As a person who has been living with a post-polio disability for sixty-two years now, my spirituality has helped me make sense of being unusual, physically. God works in unexpected ways, at surprising times and through unique people like you and me.


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Personal Reflection Number Two…

We have the power to effortlessly transfuse other souls on earth with enthusiasm and assurance. I really believe that we who have a socially- obvious disability with braces, crutches, wheelchairs, and a variety of physical differences have been put on a stage in this “theater of life.”

Like it or not, people notice us. People look at us. People even stare at us. And that has given us an automatic power to influence others in positive ways.

Being a person with a disability who genuinely emanates spiritual peace can have an amazing effect on so many people around us. How many times have you heard people say “you are such an inspiration to me?” Spiritual meditation can bring us a peaceful heart. That serenity in our eyes and in our overall countenance, surrounded by our appliances and asymmetries, automatically gives hope to those who are seeking inspiration.

Did you see the woman on Dancing with the Stars last year who came in second dancing on two prostheses? The power of her positive influence in America and around the world is huge. She has no idea.

And neither do we. We can and have been influencing the human condition on earth as we have transcended and transformed our polio-caused disability from weakness into strength.

When you think of it, there is great irony in knowing that because we have lost muscle power, we have the potential to give muscle, vitality and strength to the world and we don’t even have to say a word.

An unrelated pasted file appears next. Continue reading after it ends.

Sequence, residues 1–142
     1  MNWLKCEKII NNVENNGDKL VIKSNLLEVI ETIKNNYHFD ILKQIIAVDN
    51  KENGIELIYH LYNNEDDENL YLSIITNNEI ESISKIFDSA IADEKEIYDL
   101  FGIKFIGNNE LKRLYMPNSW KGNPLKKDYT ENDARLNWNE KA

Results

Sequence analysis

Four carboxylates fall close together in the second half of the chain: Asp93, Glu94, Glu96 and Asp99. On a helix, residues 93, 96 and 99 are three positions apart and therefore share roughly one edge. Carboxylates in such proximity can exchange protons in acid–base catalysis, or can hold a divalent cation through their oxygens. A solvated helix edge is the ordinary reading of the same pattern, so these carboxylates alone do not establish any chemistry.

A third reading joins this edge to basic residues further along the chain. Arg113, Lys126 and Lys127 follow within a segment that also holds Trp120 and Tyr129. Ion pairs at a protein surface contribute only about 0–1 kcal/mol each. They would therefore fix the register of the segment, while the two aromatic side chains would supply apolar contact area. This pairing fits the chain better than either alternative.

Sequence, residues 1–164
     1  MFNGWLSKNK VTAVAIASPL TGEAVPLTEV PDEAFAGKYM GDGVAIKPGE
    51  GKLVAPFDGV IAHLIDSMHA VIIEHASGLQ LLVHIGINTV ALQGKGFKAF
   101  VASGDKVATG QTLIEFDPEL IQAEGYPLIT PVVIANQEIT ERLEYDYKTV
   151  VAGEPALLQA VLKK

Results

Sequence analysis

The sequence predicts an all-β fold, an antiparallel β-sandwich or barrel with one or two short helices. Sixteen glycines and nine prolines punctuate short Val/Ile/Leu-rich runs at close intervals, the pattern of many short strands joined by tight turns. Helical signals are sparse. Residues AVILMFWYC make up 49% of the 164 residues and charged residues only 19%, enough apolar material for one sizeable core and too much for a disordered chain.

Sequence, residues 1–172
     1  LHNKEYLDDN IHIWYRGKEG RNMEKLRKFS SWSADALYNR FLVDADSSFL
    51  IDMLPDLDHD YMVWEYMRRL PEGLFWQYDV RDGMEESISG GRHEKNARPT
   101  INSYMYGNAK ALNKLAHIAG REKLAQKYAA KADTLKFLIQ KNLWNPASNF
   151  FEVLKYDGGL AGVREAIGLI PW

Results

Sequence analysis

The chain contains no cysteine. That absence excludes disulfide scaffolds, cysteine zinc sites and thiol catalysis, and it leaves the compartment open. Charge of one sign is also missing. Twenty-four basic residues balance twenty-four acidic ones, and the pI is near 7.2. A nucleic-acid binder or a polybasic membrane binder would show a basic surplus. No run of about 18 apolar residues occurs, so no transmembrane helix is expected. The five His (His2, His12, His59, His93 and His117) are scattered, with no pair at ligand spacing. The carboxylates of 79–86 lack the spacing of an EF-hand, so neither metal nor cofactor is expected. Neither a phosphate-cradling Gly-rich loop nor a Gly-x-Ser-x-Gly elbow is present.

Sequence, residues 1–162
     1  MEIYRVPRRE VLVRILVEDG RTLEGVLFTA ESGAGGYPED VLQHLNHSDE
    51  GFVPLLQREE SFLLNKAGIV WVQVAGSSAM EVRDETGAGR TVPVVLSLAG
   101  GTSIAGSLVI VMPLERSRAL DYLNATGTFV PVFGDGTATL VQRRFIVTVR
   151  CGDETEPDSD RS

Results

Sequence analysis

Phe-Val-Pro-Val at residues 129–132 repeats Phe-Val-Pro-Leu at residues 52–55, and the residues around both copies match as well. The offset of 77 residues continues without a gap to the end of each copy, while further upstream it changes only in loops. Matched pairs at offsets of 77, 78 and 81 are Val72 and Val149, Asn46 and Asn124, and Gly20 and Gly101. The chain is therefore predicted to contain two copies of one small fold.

First and foremost, we simply have to be present among our fellow human beings. That’s it. Just show up. Just be there, among people. All the rest that we choose to do–like speaking, writing, listening, leading, following, praying for people, contributing through our work or our family jobs or a hundred other roles we may play—all of that is simply what we do. But what about the spirit driving all that activity? How does the divinity of our inner spirit inform our activity?

As I write this blog post, my first 2015 resolution is slowly emerging into crystal clarity.  I want to tap into my spirituality every single day this year…because I really, really, really respect and like my spirit. I will ask spirit every morning to lead me through the activities of that new day.

Okay spirit, I’m ready. What will happen? This is exciting.


4ec810a01e1d6PICT0016_large_medium 1Wishing you an enthusiastic year ahead.……….


Did any of these personal reflections on spirituality resonate with you?

Sharing your unique personal insights here might help enlighten someone who is earnestly searching for his or her own spiritual answers…